Yes, beginners’ Pilates is perfect for overweight and obese attendees. You are performing each exercise slowly whilst seated or lying down. A good instructor can tailor the exercise for you.

Am I too old to attend Pilates? 

Not at all, the only pre-requisite is that you are able to get up and down from the floor.


I was delighted to hear last week that Simon Stevens, the new head of NHS England, has highlighted the role that business has to play in addressing the obesity crisis. 

Having called for greater “upstream preventive action” on obesity shortly after starting the role back in June, Stevens’ language has hardened.  Referring to obesity as “the new smoking”, he warned that it now represented a serious threat to the financial viability of the NHS.  Not surprising, given that the treatment of Type 2 Diabetes alone, strongly linked to excess weight, costs the NHS around £9 billion per year (an astonishing 10% of its entire budget).  Prevention is always better than cure.  So when NHS spending on bariatric surgery starts to exceed that of national lifestyle intervention programmes, it is time to take stock. Amongst the ideas to be presented this month in the NHS “Five Year Forward View” will be the introduction of financial incentives to employers to provide effective NICE-certified workplace programmes for employees.  Such initiatives could include running clubs, diet clubs, group weigh-ins or weight-loss competitions.

Not everyone welcomes the concept.  Chris Blackhurst of the ’I’ newspaper responded to Stevens’ speech with an article titled “obesity is none of your boss’s business”.   Arguing that the proposals represented “an extra mound of red tape that they could well do without”, Blackhurst accuses Stevens of passing the buck to business.Although reflecting the historically prevailing view, such an attitude is simply no longer credible.  Quite aside from the £29bn annual cost of sickness to UK business,  companies have a duty of care to their employees.  We spend more waking hours at work than anywhere else.  It is naïve to suggest that the workplace environment and culture has anything less than enormous influence on our wellbeing.   Office workers are commonly expected to sit for 8 hours or more per day at their desks.  We are simply not designed to do this.  Recent evidence suggests that prolonged sitting is an independent risk factor to our health, that cannot be compensated for even by regular intense exercise. Progressive employers are already trialling potential solutions to mitigate this risk. Innovations range from exercise ball chairs and stand up desks to even more radical concepts such as treadmill desks.

However, activity levels are only one part of the equation.  As someone who experienced 12 years in the corporate world, I am only too aware of the constant flow of sugary treats  when it comes to food in the office.  Colleagues would seize upon any opportunity to bring in cakes, biscuits, chocolates and sweets.  With offices becoming increasingly open plan,  practically every day someone in the room would have a birthday, a leaving do, or some other pretext to trigger the latest indulgence!  It takes a lot of willpower never to surrender to these omnipresent trays of temptation in a weak moment.  Of course each individual is ultimately responsible for what goes in their mouth, but research studies into the influence of proximity and visibility of food on consumption volumes cannot be ignored.  The seminal work of Brian Wansink in this area has demonstrated that our consumption is significantly and consistently affected by environmental factors.  It is time to face the facts - in the modern world of sedentary employment, obesity has inevitably become your boss’ business.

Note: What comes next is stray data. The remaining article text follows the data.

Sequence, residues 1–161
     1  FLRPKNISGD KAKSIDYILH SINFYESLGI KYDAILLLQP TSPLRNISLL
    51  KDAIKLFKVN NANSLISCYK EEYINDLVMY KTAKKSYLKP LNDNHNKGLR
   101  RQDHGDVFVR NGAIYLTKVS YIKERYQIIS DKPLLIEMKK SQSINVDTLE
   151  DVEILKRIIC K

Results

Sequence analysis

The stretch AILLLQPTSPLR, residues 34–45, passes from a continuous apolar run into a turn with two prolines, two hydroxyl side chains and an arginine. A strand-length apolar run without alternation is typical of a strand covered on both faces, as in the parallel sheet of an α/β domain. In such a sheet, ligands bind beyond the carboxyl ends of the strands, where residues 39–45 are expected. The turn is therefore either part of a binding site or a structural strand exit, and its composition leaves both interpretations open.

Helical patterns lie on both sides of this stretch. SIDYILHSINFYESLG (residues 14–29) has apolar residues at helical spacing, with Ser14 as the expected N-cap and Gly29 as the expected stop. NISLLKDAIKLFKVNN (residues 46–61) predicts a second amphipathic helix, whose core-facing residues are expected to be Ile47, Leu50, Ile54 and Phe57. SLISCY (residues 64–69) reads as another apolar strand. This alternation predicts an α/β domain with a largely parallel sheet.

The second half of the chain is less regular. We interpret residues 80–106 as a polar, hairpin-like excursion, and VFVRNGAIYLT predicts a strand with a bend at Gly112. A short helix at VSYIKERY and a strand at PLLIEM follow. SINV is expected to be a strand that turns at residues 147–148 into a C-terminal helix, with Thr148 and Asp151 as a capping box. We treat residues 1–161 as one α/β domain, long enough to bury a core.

How progressive is YOUR employer in tackling these issues?  Is your workplace making you overweight?  We would love to hear your thoughts on what improvements you would like to see in your office.  Please share your comments via our Facebook Page.


The drizzle didn't spoil the finale to our latest Couch to 5K course at Lydiard Park this weekend!  Spurred on at Swindon Parkrun by fantastic support from Team JB and their running leaders Becky and Kim, our novice runners did themselves proud, completing their first 5km run in style!



Other Run JB members put in some great performances despite the rain, with personal bests for Barbara Kirkup, Alison Wade and Amanda Kemp and magnificent first time Parkruns for Laura Shimell and June Lawrence!

Check out the full results from Saturday here and the Run JB results history.  If you aren't included in the Run JB list, don't forget to change your Parkrun registration to include Run JB as your club!


Huge congratulations to Sarah Mathis, Liza Cording, Joanne Parker, Sharon Northwood, Tracy Holt, Anne Bradley, Sonia Slimmon, Lauren Mann, Sarah Roberts, Emma Smith for graduating from Couch to 5K!  We look forward to welcoming you all to Run JB on Wednesday evenings!

In the meantime, have a read of our earlier blog post - "I've run my first 5K - what next?" and start planning your next challenge!

Inspired by our latest group's fantastic achievement? You too could go from Couch to 5K in just 8 weeks - join us for our next Run JB Couch to 5K course!